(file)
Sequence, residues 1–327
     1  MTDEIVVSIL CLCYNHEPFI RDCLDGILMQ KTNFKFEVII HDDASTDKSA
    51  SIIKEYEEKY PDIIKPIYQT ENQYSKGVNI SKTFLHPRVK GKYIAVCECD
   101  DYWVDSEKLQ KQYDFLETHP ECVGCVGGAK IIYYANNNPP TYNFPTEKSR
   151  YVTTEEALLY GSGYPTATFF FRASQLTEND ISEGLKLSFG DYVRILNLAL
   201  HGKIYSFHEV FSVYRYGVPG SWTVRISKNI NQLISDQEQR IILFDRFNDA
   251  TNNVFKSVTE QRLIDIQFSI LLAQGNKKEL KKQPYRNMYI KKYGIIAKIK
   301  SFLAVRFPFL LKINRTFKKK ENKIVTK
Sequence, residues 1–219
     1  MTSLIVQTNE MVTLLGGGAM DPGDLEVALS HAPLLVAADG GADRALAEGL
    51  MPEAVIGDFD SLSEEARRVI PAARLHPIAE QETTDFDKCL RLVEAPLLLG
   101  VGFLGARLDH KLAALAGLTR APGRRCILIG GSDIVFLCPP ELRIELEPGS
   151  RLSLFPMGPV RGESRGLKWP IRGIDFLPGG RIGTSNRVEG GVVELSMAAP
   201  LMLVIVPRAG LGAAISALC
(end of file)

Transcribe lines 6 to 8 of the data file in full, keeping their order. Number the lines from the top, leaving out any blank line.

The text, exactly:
   201  HGKIYSFHEV FSVYRYGVPG SWTVRISKNI NQLISDQEQR IILFDRFNDA
   251  TNNVFKSVTE QRLIDIQFSI LLAQGNKKEL KKQPYRNMYI KKYGIIAKIK
   301  SFLAVRFPFL LKINRTFKKK ENKIVTK